• RHP Michael Kohn, another bullpen arm to come to the Braves via the Angels, signed a minor league contract and has been invited to spring training. Kohn has a career 3.67 ERA over 4 seasons (110 innings) and has already undergone Tommy John surgery.
    • Alberto Callaspo has a .267 career batting average over 9 years in the big leagues.

      Alberto Callaspo has a .267 career batting average over 9 years in the big leagues.

      2B Alberto Callaspo has 9 years in the big leagues, the last 2 with the Oakland A’s. Callaspo signed a 1-year, $3 million deal with the club. Callaspo has the potential to play anywhere on the infield and was expected to play 2B with the departures of La Stella, Uggla and Pastornicky. The signing of Kelly Johnson may impact where Callaspo will play, but his versatility makes him a key piece for the club both on the field and off the bench.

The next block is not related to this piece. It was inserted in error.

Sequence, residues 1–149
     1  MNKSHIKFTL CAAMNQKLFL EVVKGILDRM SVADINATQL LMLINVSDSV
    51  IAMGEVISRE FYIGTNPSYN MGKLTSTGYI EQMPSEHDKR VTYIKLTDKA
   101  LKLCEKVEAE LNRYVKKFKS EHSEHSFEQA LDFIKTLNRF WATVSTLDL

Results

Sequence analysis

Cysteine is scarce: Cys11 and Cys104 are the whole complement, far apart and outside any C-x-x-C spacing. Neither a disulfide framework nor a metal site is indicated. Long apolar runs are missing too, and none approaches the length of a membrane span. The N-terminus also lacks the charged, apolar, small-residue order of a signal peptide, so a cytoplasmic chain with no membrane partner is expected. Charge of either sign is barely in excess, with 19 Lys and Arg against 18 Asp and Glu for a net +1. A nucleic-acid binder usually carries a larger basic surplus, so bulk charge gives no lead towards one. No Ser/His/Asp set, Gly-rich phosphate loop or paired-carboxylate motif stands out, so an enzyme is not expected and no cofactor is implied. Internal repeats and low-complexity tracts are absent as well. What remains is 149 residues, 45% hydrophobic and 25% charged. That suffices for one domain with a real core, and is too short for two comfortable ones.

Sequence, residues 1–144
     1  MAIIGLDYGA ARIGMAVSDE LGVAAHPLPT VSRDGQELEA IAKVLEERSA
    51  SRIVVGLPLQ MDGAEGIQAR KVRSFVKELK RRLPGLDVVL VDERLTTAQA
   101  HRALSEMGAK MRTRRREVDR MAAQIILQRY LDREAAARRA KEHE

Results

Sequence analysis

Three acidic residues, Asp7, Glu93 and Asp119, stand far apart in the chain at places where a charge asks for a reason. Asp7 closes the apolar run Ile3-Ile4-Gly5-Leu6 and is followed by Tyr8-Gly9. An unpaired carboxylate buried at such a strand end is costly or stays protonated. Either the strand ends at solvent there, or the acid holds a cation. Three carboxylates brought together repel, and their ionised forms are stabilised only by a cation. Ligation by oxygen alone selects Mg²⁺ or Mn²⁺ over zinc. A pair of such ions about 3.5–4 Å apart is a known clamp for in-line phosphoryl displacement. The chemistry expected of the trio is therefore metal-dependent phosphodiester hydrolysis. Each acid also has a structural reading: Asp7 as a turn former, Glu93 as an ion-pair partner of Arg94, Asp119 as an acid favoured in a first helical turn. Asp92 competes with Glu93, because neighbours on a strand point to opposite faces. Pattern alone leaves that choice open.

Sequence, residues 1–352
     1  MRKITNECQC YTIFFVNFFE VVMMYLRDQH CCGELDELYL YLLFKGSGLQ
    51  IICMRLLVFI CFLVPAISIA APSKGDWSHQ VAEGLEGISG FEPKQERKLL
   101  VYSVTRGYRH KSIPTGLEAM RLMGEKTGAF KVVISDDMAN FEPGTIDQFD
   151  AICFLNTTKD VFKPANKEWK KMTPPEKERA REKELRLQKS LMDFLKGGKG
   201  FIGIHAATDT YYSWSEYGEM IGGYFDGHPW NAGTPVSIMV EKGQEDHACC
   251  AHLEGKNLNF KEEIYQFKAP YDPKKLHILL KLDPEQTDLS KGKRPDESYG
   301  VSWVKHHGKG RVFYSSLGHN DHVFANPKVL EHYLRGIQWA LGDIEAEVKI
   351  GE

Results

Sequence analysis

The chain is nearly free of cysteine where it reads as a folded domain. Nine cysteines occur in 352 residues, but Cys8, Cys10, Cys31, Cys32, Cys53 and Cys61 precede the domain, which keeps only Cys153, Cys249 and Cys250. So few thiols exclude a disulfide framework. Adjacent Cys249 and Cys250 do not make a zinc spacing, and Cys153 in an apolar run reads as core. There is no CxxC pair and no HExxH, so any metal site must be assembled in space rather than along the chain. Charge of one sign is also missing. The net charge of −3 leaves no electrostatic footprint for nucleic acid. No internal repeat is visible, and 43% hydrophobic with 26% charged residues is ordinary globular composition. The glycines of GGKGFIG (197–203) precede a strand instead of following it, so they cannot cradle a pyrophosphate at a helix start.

• RHP Aaron Kurcz came to the Braves with cash after Anthony Varvaro was designated for assignment and then traded to the Red Sox. Kurcz pitched in 34 games at the Double-A level in 2014, posting a 2.17 ERA.
    • 2B Jace Peterson was traded to the Braves for Justin Upton.
    • LHP Max Fried also joined the club via the trade with San Diego for Upton. He projects to be at the highest level of the 4 players Atlanta received for Upton, though he is currently recovering from Tommy John surgery.
    • 3B Dustin Peterson came to the Braves in the trade for Upton.
    • CF Mallex Smith, another prospect, joined the club in the Upton trade.
    • LHP Manny Banuelos came to the club in a trade for David Carpenter and Chasen Shreve. Carpenter and Shreve’s arms were valuable and in return the Braves received a player who is projected to be a future starter. All-time saves leader Mariano Rivera spoke highly of Banuelos and Banuelos was on the rise in the organization prior to requiring Tommy John surgery in 2013. He will likely begin his career with Atlanta out of the ‘pen.
    • LHP Josh Outman signed a 1-year $925,000 contract with the Braves for the 2015 season. Outman began his career in Oakland and was most recently with the Rockies. Outman has a career 4.43 ERA. He adds depth to a bullpen with unreliable lefties.